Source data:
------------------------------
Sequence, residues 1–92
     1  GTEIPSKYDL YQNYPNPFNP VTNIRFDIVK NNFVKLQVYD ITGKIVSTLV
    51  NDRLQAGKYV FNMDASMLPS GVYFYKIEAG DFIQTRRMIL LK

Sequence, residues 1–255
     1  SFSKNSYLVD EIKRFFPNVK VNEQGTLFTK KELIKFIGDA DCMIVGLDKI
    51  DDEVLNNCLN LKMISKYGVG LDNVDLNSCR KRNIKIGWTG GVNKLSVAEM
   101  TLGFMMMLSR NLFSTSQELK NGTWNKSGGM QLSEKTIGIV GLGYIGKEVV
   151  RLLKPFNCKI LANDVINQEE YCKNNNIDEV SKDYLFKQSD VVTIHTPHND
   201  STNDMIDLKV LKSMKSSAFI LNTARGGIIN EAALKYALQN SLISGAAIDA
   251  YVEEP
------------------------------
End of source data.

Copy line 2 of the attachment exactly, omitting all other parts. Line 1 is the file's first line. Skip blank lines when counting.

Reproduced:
     1  GTEIPSKYDL YQNYPNPFNP VTNIRFDIVK NNFVKLQVYD ITGKIVSTLV